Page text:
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Strategy and related structural implications

OTPR 2012

Functional-level strategy and structural implications The strength of a functions core competence depends not only on the functions resources, but on its ability to coordinate the use of its resources According to contingency theory, each function should develop a structure that suits its human and technical resources

Business-Level Strategy and Structural implications

With a differentiation strategy, companies must be able to develop products quickly; therefore close cooperation between functions is required A organic structure permits the development of a decentralized, cross-functional team approach to decision making

Business Level Strategy and Structural implications

A low-cost strategy is associated with the need for close control of functional activities to monitor and lower the costs of production A mechanistic structure is often the more appropriate choice

Business-Level Strategy and Structure


Three factors affect an organizations choice of a structure to create a competitive advantage:

Functional control - As an organization produces a wider range of products, it needs greater control over the development, marketing, and production of these products Customer links -As an organization seeks to find new customer groups for its products, it needs a structure that allows it to serve the needs of all its customers Functional coordination - As the pace of new product development in an industry increases, an organization will need a structure that increases coordination among its functions

Organizational Structure Associated with Business-Level Differentiation and Low-Cost Strategies

Corporate-Level Strategy and Structure


Related diversification creates value by sharing resources or transferring skills from one division to another Requires lateral communication between divisions as well as vertical communication between divisions and headquarters Integrating roles and teams of functional experts are needed to coordinate skills and resource transfers Multidivisional structures or matrix allow for the coordination needed

Corporate-Level Strategy and Structure


For organizations operating in more than one domain, a multidivisional structure is appropriate Conglomerate structure and unrelated diversification
Conglomerate structure: a structure in which each business is placed in a self-contained division and there is no contact between divisions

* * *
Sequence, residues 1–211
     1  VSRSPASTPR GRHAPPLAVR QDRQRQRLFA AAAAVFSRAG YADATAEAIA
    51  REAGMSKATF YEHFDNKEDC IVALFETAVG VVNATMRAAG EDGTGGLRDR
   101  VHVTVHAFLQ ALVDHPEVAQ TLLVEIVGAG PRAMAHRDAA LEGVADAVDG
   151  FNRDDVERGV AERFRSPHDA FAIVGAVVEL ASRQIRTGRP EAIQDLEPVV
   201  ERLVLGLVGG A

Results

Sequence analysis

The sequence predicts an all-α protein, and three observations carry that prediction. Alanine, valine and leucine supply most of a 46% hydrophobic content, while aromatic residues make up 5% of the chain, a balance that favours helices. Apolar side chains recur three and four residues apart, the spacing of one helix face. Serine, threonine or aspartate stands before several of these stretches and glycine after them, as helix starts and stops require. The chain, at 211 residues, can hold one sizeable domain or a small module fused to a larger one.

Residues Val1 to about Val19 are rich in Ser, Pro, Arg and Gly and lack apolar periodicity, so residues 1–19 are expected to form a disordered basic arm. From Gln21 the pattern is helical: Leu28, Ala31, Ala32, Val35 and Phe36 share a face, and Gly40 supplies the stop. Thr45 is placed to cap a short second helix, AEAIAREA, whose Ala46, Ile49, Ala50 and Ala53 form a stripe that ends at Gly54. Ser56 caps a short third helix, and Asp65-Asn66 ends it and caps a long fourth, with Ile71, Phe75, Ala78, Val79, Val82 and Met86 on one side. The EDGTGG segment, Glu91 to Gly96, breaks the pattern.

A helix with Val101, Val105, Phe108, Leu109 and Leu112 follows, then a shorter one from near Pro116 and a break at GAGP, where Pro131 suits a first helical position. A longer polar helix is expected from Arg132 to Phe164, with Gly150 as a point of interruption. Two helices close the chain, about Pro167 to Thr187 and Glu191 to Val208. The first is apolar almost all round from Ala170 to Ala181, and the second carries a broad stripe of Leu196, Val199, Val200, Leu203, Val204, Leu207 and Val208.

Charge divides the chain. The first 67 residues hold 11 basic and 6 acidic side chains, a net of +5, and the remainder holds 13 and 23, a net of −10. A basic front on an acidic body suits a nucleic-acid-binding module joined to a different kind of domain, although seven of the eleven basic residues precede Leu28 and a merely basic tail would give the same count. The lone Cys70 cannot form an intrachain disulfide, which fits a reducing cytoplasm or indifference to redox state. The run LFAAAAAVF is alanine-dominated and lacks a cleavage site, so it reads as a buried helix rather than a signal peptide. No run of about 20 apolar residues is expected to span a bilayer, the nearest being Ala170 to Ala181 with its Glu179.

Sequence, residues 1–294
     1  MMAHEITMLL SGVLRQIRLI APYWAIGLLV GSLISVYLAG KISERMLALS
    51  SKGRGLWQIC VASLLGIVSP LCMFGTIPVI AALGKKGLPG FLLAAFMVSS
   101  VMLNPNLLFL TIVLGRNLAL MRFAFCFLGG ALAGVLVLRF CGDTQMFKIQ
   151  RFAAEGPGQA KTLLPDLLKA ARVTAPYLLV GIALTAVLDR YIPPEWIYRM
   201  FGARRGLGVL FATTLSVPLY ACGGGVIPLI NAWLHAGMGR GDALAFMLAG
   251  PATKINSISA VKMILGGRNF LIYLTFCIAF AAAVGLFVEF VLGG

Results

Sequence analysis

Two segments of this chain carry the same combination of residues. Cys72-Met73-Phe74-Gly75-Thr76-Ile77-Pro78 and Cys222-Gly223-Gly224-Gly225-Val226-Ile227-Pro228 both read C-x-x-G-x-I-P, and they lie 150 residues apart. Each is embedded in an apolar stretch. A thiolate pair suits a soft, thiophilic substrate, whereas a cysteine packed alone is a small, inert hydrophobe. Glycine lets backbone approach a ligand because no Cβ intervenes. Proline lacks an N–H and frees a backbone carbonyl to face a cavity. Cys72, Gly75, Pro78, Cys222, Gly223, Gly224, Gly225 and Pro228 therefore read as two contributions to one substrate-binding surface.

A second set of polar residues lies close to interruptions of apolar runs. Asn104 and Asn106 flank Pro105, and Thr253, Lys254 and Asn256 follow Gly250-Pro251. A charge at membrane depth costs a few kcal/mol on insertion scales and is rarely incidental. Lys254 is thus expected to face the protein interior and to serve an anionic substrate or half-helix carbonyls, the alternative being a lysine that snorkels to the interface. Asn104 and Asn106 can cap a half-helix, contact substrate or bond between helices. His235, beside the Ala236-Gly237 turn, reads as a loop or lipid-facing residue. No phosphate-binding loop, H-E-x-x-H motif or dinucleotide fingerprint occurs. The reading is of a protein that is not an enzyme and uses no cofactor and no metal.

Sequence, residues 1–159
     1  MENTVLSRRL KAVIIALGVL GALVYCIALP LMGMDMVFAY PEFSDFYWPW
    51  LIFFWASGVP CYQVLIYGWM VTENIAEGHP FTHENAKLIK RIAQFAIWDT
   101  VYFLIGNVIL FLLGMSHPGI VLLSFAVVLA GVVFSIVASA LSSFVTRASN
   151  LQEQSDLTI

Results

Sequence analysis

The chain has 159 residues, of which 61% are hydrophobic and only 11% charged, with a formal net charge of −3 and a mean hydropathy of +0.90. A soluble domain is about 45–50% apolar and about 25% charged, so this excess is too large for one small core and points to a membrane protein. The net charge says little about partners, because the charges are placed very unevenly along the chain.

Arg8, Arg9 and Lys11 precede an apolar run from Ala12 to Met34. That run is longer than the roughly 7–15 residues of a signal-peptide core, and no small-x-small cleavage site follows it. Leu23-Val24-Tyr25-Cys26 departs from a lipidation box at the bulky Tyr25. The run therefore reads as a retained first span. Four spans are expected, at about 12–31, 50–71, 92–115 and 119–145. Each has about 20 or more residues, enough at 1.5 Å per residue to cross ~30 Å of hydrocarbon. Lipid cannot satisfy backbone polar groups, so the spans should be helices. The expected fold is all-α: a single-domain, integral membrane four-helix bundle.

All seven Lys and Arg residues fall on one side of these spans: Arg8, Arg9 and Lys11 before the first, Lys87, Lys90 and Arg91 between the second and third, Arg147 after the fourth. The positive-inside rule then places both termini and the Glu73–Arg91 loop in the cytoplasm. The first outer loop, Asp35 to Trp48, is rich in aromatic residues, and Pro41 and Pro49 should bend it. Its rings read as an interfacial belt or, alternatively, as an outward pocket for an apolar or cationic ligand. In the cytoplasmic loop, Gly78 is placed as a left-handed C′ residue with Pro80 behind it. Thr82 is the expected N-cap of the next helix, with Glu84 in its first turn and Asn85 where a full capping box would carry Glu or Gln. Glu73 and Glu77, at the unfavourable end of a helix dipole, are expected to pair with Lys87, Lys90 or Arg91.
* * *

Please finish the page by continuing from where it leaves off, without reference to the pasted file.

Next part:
Conglomerate Structure

Implementing Strategy & structure across Countries

The decision of how to distribute and allocate responsibility and authority between managers at home and abroad so that effective control over a companys global operations is maintained The selection of the organizational structure that groups divisions both at home and abroad in a way that allows the best use of resources and serves the needs of foreign customers most effectively The selection of the right kinds of integration and control mechanisms and organizational culture to make the overall global structure function effectively

Implementing a Multi domestic Strategy


Generally operates with a global geographic structure
Duplication of value-creation activities in all countries Authority delegated to each overseas division Managers at global headquarters use market and output controls

Global Geographic Structure

Implementing Global Strategy and structure Manufacturing and other value-chain activities placed at the global location that will allow it to increase efficiency and quality
Must find ways to reduce bureaucratic costs associated with transfers between corporate headquarters and the global divisions May establish a global product group structure

Implementing International Strategy & structure


Companies use a global product group structure and create product group headquarters to coordinate the activities of domestic and foreign divisions
Product managers responsible for organizing all aspects of value creation on a global level Managers abroad are in the control of the international division managers

Global Matrix Structure

Global Product Group Structure

Strategy-Structure Relationships in the International Arena